A judgment is void for Rule 60(b)(4) purposes if the “rendering court was powerless to enter it.” V.T.A., Inc. v. Airco, Inc., 597 F.2d 220, 224 (10th Cir.1979). A judgment may in some instances be void for lack of subject matter jurisdiction. E.g. id.; In re Four Seasons Securities Laws Litigation, 502 F.2d 834, 842 (10th Cir.1974). “However, this occurs only where there is a plain usurpation of power, when a court wrongfully extends its jurisdiction beyond the scope of its authority.” Kansas City Southern Ry. Co. v. Great Lakes Carbon Corp., 624 F.2d 822, 825 (8th Cir.1980) (citations omitted); accord Nemaizer v. Baker, 793 F.2d 58, 65 (2d Cir.1986) (observing that collateral attack is permitted under Rule 60(b)(4) where there is “a clear usurpation of power by a district court, and not an error of law in determining whether it has jurisdiction”) (citations omitted).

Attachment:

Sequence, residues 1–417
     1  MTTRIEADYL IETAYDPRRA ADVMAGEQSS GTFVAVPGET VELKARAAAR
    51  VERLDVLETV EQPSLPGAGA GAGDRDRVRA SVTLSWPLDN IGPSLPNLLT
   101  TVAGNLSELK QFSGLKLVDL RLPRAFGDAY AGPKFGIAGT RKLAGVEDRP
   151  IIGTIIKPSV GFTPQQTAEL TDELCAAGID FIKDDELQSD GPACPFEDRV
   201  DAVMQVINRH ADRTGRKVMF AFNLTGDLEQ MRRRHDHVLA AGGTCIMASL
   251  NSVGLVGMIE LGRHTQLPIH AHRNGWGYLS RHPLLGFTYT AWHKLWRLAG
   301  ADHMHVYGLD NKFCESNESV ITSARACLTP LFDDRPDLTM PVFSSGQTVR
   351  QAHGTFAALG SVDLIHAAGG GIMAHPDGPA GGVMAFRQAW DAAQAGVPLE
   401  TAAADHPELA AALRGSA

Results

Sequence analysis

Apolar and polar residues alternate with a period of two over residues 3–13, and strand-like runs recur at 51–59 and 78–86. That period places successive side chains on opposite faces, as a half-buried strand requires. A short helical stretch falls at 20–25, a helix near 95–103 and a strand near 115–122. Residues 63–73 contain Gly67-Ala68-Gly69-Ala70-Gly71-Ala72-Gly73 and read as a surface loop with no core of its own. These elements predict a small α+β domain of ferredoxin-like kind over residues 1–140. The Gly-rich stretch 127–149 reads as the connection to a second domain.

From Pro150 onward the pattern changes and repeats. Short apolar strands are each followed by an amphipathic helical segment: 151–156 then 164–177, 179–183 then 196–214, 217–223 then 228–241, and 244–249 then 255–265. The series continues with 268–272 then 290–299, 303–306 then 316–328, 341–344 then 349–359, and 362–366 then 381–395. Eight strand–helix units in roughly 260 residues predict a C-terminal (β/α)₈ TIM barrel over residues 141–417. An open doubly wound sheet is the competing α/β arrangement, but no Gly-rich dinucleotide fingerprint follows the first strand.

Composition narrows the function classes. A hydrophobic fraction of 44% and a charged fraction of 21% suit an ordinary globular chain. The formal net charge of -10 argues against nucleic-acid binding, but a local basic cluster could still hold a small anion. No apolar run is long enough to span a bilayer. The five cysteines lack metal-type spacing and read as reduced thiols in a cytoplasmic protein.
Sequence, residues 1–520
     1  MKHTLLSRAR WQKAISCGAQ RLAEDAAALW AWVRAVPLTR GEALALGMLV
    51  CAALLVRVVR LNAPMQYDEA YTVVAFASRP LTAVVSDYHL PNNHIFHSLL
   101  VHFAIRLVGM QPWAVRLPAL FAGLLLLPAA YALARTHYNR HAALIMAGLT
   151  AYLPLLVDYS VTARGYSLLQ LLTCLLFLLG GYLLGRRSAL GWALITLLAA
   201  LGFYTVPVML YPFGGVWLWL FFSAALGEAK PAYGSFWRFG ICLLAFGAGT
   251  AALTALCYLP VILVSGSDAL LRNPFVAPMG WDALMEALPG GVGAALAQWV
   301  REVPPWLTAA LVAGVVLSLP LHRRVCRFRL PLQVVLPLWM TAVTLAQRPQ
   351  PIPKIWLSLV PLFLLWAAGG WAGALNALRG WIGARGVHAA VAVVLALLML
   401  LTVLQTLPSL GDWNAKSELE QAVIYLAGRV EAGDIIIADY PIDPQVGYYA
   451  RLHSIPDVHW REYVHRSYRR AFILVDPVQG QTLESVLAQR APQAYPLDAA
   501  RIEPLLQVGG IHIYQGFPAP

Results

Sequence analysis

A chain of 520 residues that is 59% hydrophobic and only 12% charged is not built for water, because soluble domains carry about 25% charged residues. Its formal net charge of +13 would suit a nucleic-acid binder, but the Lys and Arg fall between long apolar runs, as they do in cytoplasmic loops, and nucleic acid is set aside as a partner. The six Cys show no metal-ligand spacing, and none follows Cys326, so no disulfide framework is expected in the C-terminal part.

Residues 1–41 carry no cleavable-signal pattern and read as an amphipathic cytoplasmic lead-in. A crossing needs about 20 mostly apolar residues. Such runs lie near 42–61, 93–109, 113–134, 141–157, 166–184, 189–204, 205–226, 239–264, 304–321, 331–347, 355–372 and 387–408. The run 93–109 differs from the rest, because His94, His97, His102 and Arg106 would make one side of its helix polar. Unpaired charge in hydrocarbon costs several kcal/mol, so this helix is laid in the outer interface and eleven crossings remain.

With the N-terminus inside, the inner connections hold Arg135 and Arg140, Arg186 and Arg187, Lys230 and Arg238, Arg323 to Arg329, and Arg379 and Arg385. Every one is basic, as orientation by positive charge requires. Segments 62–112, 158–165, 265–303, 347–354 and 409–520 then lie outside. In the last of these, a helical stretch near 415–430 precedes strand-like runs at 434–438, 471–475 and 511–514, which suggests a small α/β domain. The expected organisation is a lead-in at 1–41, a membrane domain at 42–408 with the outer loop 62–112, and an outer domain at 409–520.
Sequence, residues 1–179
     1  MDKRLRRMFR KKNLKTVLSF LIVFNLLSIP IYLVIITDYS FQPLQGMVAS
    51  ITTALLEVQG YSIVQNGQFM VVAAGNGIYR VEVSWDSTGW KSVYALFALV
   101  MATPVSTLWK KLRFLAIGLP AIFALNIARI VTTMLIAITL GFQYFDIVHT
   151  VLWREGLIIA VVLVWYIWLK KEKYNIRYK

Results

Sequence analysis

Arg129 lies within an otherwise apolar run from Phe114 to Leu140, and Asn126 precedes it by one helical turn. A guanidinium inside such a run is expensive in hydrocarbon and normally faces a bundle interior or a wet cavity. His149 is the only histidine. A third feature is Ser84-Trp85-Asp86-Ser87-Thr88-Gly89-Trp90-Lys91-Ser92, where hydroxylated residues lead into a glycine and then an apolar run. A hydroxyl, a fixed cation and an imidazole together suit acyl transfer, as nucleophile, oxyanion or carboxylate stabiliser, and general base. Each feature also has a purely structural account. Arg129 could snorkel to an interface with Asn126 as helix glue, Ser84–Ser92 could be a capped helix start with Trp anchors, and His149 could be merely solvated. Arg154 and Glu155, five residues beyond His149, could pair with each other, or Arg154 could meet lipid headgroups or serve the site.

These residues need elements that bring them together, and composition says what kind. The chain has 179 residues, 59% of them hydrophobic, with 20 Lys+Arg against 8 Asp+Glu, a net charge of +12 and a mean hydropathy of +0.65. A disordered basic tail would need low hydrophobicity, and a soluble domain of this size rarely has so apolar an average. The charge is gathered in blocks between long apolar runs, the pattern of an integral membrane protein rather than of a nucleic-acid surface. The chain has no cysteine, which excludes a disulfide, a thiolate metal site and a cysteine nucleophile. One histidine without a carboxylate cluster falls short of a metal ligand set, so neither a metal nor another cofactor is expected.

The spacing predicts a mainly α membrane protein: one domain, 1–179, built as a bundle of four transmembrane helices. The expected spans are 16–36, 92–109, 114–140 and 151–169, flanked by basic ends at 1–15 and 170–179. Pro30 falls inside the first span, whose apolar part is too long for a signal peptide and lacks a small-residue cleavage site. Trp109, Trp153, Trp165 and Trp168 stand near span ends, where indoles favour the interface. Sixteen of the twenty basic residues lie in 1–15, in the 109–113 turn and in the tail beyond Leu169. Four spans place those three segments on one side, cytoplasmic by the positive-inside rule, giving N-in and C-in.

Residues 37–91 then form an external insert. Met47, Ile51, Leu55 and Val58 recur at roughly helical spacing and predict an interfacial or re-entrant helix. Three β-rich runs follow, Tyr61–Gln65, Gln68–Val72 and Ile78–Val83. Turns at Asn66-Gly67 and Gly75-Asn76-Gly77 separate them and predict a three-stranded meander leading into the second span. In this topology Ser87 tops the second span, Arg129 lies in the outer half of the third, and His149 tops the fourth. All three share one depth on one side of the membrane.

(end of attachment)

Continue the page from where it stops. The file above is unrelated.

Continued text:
A court does not usurp its power when it erroneously exercises jurisdiction. Kansas City Southern, 624 F.2d at 825. “Since federal courts have ‘jurisdiction to determine jurisdiction,’ that is, ‘power to interpret the language of the jurisdictional instrument and its application to an issue by the court,’ error in interpreting a statutory grant of jurisdiction is not equivalent to acting with total want of jurisdiction.” Id. (quoting Stoll v. Gottlieb, 305 U.S. 165, 171, 59 S.Ct. 134, 83 L.Ed. 104 (1938)); see also Lubben v. Selective Serv. Sys. Local Board No. 27., 453 F.2d 645, 649 (1st Cir.1972) (“While absence of subject matter jurisdiction may make a judgment void, such total want of jurisdiction must be distinguished from an error in the exercise of jurisdiction.”) (footnote omitted). There must be “no arguable basis on which [the court] could have rested a finding that it had jurisdiction.” Nemaizer, 793 F.2d at 65.